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Keywords:

  • legislation;
  • public reporting;
  • surgical site infection

Abstract

Objective

Surgical site infections (SSIs) are common, costly, and often preventable. There are no national requirements for measuring or reporting hospital SSI rates and state-level monitoring occurs with little coordination between states. We designed a study to describe the current status of SSI reporting in the United States.

Methods

We reviewed SSI monitoring and reporting legislation in all 50 states in September 2010. Data collected included whether SSI monitoring and reporting legislation exists, if public reporting is required, how the data are accessible, and for which procedures SSI data are reported.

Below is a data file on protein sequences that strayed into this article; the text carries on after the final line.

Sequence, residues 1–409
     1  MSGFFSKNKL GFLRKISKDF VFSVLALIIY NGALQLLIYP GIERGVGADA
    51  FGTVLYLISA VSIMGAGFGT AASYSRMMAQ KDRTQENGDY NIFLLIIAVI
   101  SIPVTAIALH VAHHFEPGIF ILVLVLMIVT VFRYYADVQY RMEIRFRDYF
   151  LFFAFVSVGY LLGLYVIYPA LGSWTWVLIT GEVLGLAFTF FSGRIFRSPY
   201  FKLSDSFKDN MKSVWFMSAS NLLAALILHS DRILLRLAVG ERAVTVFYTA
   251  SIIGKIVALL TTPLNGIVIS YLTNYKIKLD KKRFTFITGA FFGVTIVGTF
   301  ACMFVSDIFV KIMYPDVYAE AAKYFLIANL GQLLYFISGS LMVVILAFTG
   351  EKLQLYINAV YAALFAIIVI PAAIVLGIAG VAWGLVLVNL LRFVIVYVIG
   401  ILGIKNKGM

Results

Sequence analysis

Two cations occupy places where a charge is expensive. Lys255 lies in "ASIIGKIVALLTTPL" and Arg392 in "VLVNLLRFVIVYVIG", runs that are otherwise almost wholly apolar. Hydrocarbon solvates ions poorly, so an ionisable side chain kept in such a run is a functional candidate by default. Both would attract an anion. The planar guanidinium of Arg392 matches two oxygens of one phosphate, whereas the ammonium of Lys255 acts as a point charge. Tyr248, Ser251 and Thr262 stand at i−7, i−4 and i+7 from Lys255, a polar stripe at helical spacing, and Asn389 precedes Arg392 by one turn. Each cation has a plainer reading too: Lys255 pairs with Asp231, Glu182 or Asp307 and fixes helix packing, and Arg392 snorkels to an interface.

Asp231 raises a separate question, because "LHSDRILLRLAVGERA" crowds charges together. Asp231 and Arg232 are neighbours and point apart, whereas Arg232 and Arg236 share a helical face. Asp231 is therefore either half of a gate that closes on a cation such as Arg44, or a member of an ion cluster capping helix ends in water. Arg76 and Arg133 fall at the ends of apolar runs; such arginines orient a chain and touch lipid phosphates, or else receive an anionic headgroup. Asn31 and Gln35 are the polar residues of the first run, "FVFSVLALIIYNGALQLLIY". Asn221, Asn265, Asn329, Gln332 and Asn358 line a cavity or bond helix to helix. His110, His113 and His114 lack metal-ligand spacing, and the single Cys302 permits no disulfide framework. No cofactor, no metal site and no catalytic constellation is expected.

Results

Twenty-one (42%) states have legislation for SSI monitoring and reporting. All 21 of these states require public release of findings. Of the states with legislation, eight (38%) currently have SSI data available publicly. A range of two to seven procedures were reported for SSI measurement by individual states. Eighteen (86%) states use state agency websites to make their data publicly available.

Conclusion

There is wide variation in state monitoring and reporting of SSI rates. Standardized reporting may be needed so that consumers can make informed health choices based on quality metrics.